The Jewish Voice
It has been frequently observed, by both philo-Semites and anti-Semites, that the numbers of Jews participating in the various fields of intellectual life are out of all proportion to the numbers of Jews in the general population. This is a statistical reality that can hardly be denied. In the United States, for example, though Jews are rather less than 2 percent of the population, if one looks to areas of activity such as journalism and criticism, or scientific research, or academic disciplines like mathematics, history, sociology, and English literature, a fourth or a third or sometimes more than half the leaders in the field can turn out to be Jews.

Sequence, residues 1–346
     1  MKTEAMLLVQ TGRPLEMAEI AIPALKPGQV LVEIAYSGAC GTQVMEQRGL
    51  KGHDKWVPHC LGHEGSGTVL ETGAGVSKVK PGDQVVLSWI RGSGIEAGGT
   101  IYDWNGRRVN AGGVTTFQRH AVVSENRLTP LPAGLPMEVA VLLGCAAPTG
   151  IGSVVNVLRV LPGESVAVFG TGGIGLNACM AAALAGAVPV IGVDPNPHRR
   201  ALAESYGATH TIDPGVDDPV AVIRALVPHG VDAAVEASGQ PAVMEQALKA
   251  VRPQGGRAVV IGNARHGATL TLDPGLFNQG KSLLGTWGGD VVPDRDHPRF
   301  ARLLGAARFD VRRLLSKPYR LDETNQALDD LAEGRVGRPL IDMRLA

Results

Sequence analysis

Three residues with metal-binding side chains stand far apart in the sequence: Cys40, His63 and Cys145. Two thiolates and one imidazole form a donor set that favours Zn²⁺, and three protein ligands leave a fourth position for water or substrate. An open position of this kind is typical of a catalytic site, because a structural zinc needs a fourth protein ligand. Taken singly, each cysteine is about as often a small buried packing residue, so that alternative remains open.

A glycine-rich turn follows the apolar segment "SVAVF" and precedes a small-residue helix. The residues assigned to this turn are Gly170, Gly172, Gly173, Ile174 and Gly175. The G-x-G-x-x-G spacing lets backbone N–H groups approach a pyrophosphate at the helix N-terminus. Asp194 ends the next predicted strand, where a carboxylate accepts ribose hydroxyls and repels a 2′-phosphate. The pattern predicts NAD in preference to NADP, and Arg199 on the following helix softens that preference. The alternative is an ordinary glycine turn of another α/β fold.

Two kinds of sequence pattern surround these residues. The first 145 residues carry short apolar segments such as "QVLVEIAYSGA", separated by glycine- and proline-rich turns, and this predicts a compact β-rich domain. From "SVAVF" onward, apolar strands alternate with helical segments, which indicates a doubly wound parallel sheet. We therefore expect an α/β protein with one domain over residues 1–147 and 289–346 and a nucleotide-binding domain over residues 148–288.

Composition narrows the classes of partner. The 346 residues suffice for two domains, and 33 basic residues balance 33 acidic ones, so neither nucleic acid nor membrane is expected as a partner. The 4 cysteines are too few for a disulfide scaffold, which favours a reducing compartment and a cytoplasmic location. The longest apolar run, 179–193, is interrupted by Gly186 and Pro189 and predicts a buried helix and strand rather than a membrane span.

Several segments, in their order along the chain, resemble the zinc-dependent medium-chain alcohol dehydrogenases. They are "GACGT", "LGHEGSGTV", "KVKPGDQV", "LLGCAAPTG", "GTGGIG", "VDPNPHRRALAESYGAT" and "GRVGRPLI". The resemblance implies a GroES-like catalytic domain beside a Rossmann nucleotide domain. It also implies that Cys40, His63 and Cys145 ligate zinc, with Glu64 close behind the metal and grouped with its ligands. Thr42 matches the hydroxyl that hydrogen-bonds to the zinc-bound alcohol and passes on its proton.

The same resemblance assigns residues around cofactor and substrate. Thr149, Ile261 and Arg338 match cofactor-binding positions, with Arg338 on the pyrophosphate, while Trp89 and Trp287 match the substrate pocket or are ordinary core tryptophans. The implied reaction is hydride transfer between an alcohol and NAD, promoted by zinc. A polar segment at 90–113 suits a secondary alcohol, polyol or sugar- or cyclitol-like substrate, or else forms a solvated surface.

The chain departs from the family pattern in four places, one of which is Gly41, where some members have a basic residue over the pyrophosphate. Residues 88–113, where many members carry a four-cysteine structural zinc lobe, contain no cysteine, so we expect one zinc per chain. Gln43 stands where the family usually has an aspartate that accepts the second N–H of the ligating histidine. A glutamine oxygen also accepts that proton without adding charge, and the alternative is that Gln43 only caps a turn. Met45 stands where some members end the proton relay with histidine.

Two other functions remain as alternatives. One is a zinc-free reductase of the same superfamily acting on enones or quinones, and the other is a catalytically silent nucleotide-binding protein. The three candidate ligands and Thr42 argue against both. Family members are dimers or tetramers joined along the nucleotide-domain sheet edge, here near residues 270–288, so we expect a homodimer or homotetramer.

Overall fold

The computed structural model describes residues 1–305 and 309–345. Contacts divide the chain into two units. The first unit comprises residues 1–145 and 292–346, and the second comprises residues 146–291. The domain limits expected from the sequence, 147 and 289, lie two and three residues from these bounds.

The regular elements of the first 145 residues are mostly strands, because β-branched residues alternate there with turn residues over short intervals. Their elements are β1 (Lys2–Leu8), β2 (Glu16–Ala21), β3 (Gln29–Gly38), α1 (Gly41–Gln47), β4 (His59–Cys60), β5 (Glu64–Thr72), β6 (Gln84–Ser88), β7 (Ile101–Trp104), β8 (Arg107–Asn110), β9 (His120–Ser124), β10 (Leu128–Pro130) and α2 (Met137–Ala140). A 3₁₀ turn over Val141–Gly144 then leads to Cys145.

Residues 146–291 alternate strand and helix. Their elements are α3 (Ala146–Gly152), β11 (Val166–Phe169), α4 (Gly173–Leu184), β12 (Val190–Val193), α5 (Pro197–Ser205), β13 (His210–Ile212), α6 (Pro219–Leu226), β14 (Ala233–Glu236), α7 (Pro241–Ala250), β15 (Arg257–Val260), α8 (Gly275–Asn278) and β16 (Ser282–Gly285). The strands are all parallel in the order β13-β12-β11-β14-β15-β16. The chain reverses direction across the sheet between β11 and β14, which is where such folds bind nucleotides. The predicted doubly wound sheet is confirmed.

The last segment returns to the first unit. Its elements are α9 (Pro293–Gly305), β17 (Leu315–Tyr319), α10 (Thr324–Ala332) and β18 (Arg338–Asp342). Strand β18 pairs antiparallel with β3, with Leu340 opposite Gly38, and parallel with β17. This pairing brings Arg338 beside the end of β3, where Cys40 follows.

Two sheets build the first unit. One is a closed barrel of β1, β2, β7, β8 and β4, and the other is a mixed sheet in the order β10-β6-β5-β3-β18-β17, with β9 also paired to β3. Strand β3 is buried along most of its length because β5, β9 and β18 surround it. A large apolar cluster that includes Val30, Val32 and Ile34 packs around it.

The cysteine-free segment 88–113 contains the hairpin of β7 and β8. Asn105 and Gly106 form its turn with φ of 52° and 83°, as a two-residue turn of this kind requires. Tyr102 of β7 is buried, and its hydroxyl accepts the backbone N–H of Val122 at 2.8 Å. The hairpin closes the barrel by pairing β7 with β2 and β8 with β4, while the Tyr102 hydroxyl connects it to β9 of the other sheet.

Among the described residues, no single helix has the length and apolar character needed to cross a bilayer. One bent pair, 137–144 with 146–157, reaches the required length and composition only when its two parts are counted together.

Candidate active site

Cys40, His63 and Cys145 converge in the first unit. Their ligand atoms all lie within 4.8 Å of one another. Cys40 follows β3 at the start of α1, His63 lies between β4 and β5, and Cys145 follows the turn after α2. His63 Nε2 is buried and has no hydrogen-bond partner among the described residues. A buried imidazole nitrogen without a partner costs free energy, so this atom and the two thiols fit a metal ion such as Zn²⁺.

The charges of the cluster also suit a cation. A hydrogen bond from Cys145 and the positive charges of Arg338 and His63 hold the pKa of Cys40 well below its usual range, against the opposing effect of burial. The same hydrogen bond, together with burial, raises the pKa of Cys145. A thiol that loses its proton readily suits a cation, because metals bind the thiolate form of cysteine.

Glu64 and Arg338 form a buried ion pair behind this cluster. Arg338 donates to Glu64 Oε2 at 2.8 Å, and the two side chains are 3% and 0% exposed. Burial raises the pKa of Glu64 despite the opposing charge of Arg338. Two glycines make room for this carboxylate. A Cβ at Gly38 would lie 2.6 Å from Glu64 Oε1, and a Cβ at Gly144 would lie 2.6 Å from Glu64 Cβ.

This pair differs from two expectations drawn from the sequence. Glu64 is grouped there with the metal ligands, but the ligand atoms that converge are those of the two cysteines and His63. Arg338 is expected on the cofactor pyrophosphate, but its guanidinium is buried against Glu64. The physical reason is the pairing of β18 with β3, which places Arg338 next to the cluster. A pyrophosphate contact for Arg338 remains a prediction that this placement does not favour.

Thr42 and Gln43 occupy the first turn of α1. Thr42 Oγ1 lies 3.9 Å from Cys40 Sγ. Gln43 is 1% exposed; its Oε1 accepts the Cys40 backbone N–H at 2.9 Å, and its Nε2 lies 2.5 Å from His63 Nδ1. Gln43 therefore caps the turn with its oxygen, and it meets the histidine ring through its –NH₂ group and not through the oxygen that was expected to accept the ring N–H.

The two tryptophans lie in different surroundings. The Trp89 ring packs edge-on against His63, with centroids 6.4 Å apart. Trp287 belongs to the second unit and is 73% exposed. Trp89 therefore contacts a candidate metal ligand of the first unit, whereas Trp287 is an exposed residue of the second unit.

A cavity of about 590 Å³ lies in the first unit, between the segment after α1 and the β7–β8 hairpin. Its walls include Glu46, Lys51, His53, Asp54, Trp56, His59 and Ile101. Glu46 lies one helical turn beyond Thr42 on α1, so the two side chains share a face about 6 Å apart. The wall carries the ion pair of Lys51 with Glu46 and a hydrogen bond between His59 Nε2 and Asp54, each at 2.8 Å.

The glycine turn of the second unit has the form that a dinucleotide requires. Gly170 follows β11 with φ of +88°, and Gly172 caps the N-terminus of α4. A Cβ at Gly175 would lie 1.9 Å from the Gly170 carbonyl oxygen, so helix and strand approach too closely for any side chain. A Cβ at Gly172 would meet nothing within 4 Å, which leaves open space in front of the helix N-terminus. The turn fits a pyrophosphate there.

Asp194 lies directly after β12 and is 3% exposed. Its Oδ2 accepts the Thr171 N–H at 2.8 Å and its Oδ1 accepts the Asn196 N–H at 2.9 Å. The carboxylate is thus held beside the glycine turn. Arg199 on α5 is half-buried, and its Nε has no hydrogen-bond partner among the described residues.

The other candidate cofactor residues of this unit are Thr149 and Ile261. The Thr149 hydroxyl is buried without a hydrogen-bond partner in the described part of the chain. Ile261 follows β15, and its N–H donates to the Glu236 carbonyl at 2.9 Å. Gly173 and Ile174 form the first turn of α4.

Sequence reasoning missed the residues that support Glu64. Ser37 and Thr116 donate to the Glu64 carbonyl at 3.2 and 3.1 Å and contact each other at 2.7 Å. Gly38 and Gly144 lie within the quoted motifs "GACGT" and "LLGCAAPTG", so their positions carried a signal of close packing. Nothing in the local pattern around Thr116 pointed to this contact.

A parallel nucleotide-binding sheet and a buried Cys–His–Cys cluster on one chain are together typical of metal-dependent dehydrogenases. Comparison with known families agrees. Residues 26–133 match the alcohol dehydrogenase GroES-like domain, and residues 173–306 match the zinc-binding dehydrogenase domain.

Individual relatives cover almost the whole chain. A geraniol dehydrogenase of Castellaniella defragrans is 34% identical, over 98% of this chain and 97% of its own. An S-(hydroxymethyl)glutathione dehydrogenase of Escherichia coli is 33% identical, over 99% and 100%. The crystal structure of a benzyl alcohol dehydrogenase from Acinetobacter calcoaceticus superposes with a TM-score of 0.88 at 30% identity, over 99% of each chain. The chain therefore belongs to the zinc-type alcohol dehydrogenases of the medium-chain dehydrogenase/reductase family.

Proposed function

The most plausible reason for this disproportionate representation is, I believe, sociocultural. But it should be emphasized at the outset that the large number of Jews in intellectual endeavors does not automatically translate into a decisive Jewish influence on intellectual life. For good sociological cause, many Jews have flowed into the intellectual professions; but the purported dominance of Jews in intellectual life proves in many key instances to be a mirage.
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